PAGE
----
However there are those who believe that if they do, far from ushering in dieter's heaven, this could be the beginning of a nightmare. Not only that, but our current fat-phobia has led to widespread and unhealthy confusion about what it is and is not safe to eat. Far from promoting health there is plenty of evidence that low-fat foods just make matters worse.
The fat-vanishing trick that P&G hope to pull off is performed by an oil called Olestra which has had its molecules tinkered with so that it passes straight through the gut leaving not a calorie behind. But because, unlike other low-fat products, it actually contains fat molecules, it has the all-important "mouthfeel" of fat and it can also be heated to the high temperatures needed for frying without breaking down.
After years of deliberation, the American Food and Drug Administration looks set to grant it an initial licence to be used in savoury snacks - a prospect that fills many nutrition experts, including Myra Karstadt of Ralph Nader's Centre for Science in the Public Interest, with alarm. Earlier this month she took the unusual step of sending documents explaining precisely why to the Ministry of Agriculture, which is considering it for approval here, and to British food campaigning groups. "It would be a huge uncontrolled experiment with public health. It is just not worth the risk," she says.
Her concern centres on the way the fat-like Olestra absorbs fat-soluble vitamins and nutrients and then rushes them out of the body. Carotenoids, the nutrients found in vegetables that many researchers now believe boost the immune system and protect against some cancers, are especially vulnerable. "A third of a bag of Olestra-cooked potato chips could leach out 40 per cent of your lycopene, which is used by the prostate gland," says Karstadt.
But the real interest of the battle over Olestra is that it raises the whole issue of fat in our diet and whether the lucrative commercial attempts to reduce it aren't a huge mistake.
In food engineering terms, Olestra is a genuine breakthrough. Reducing fat and keeping food palatable is a tricky business. Most of the low-fat products that currently beckon to us from the supermarket shelves are produced by tinkering with existing foodstuffs. Something called Simplesse, found in salad-dressings and cakes, consists of concentrated whey protein chopped up into microscopic balls. McDonald's, for instance, uses an extract of red algae in their reduced-fat hamburgers. But none of them is terribly convincing.
This doesn't stop the food engineers from trying. Waiting in the wings for a licence are such delights as Salatrim and Caprenin, both poorly absorbed by the body, so 40 per cent less in calories, but both high in harmful saturated fats.
The trouble is that we have no way of knowing what these chemical marvels are doing to us. Karstadt's point about artificial foods constituting a public health experiment is echoed by the eminent nutritionist Joan Dyegussow who sits on the Food and Nutrition Board of the National Academy of Sciences.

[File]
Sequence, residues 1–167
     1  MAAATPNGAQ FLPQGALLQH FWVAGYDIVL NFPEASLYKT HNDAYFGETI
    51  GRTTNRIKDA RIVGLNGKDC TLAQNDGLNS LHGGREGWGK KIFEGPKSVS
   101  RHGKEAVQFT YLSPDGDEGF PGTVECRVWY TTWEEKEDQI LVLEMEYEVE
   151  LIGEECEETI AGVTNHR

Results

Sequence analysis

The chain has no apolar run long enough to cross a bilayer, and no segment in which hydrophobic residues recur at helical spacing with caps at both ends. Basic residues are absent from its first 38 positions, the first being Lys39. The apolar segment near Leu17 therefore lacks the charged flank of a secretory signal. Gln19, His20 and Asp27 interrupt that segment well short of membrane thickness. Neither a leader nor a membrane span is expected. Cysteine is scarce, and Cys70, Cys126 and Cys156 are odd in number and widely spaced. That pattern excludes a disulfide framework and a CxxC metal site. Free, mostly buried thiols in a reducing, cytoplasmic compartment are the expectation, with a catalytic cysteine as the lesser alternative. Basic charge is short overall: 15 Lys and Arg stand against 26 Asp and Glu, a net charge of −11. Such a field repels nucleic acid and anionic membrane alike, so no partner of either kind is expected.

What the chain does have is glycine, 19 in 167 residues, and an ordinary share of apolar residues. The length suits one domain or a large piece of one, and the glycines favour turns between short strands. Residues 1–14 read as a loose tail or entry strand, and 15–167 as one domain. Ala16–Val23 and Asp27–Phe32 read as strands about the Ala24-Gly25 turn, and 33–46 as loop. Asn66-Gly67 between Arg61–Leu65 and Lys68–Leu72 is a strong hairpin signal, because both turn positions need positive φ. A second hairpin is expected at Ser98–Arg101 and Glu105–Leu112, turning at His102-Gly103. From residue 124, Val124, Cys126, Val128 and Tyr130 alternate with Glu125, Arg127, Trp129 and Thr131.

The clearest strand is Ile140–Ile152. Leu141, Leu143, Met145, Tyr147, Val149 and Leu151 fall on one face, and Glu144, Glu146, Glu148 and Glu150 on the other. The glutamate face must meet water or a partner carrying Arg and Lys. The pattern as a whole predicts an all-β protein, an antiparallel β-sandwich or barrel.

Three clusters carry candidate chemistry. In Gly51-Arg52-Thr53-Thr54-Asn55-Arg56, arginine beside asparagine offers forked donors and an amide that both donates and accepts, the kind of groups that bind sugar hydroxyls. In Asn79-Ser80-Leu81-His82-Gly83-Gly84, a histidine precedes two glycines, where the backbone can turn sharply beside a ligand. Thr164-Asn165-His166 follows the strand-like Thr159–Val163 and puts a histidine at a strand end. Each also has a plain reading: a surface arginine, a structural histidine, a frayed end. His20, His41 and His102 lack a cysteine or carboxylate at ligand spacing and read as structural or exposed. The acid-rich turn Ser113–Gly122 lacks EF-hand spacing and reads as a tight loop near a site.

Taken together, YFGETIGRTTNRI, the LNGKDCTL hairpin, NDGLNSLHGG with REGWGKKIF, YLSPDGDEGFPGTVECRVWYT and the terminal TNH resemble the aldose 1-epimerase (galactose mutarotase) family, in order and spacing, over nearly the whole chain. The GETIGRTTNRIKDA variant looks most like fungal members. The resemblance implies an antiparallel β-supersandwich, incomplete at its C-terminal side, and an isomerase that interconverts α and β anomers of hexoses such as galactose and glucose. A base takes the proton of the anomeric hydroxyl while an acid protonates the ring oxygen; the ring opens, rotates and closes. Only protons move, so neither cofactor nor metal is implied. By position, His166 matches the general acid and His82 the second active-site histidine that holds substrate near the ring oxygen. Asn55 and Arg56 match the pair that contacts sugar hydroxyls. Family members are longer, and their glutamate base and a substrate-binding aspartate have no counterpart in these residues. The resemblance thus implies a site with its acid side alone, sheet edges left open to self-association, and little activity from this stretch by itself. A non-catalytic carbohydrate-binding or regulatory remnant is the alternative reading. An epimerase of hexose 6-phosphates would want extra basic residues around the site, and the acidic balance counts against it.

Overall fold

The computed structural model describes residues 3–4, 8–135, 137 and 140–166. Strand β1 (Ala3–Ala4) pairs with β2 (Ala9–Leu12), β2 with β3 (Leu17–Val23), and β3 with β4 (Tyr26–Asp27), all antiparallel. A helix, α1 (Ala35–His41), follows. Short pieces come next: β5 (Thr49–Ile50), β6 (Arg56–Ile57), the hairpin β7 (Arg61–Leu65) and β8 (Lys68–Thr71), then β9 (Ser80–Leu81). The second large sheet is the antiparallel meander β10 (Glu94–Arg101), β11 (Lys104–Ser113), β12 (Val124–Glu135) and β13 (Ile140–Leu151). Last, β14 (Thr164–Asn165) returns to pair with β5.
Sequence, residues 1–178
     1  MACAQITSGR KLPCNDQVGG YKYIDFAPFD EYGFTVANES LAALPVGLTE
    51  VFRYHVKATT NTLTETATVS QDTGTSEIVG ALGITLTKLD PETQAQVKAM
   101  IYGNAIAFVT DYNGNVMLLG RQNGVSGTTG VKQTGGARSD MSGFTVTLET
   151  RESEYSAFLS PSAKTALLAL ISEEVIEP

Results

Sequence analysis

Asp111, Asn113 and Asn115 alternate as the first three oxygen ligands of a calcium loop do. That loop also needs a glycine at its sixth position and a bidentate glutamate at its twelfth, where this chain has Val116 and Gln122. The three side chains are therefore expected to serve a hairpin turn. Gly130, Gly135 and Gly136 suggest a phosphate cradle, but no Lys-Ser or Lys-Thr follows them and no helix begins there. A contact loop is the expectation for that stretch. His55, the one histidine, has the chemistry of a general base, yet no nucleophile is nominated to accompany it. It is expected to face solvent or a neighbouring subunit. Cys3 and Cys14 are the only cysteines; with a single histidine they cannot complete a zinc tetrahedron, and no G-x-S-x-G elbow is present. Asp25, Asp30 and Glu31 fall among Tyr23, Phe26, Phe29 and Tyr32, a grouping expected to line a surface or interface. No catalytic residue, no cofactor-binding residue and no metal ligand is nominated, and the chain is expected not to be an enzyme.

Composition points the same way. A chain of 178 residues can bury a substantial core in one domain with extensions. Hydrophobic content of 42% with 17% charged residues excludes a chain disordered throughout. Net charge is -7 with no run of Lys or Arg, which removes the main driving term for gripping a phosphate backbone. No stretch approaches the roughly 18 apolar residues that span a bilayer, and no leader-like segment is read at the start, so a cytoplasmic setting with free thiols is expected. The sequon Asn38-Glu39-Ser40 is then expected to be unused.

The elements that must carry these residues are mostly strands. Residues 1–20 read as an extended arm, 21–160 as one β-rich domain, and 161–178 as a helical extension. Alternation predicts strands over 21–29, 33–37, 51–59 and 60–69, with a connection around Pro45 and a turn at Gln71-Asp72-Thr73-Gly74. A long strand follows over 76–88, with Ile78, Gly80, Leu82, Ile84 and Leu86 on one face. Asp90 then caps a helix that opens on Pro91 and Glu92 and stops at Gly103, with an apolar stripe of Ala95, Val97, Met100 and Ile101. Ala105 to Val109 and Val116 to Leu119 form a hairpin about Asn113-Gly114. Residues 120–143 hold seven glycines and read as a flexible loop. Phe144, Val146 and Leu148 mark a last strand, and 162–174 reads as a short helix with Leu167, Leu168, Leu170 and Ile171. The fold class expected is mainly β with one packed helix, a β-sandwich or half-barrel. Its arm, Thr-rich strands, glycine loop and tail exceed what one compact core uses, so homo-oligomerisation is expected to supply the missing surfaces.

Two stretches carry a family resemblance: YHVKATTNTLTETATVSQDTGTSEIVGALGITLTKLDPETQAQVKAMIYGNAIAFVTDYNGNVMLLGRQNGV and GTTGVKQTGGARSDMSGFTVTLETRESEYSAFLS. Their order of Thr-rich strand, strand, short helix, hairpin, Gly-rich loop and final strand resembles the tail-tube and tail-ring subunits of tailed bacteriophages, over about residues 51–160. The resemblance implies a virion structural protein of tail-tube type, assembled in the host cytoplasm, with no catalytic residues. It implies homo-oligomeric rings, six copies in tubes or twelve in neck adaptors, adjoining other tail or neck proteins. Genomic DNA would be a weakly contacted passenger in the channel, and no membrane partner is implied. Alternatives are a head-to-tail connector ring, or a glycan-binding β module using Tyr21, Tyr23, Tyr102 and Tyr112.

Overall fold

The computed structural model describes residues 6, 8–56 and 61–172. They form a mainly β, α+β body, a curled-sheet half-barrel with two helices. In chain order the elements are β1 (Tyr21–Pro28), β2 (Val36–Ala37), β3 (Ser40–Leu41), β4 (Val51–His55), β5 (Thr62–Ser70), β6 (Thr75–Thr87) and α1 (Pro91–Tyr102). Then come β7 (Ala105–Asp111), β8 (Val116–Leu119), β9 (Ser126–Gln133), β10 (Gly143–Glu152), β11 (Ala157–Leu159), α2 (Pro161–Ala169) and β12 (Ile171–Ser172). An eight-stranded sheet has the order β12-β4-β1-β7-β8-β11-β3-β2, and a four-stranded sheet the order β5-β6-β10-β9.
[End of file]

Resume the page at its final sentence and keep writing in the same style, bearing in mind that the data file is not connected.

"We don't even fully understand what fibre does and we have been researching it since the beginning of the century," she says. "For instance, we think oat bran helps to reduce cholesterol because it has soluble fibre. But rice bran is just as effective and it has no soluble fibre. So what hope have we of predicting the effect of foods that have only been around for a few years?"
Not only that, but when it comes to helping weight loss, low-fat foods don't seem to do the business. Professor Barbara J Rolls of the Johns Hopkins University School of Medicine gave healthy volunteers either a high-fat or a low-fat lunch, without revealing which was which. They were free to eat whatever they wanted the rest of the day. On low-fat days, the subjects had made up the calorie difference by dinner time.
When dieters consciously have something low in fat they feel free to have a little treat later. In one recent study, dieters who knew that they had eaten a low-fat yoghurt ate more at lunch than those who thought it was an ordinary one. In fact, as researchers at the Chemical Senses Centre in Philadelphia found, the problem with fat-substitutes is that people who eat them still want fat, so as soon as the diet has stopped or their guard is down it is the full-fat things they turn to. On the other hand, people who cut out both high- and low-fat substitute foods and go for naturally lower fat foods such as bread, vegetables and fruit, reduce their craving.
But does fat deserve its unhealthy reputation? Certainly children, major consumers of savoury snacks such as crisps, need it. A recent issue of Nutrition Today warned that avoiding giving certain foods to children because they had a high fat content could lead to "nutritional deficits". What's more, a recent study at McGill University in Montreal, Canada, found that reducing saturated fat in the diet to recommended levels may add no more than three extra months to life, and possibly as little as an extra 3.5 days.
A venerable fat heretic in this country is Dr Malcolm Caruthers who believes the interaction between stress, hormones and cholesterol is far more influential in determining blood-fat levels. "It's not so much a question of what you are eating," he says, "but what's eating you." Yet another perspective comes from Dr Artemis Simopoulos, director of the Centre for Genetics, Nutrition and Health in Washington.
She has amassed evidence to show that it is your genes that determine whether you need to worry about fat. "If you come from a family with no history of major diseases you should feel comfortable about eating anything you fancy. There is no reason to avoid eggs, butter or red meat, say, providing that you don't become overweight."Reuse content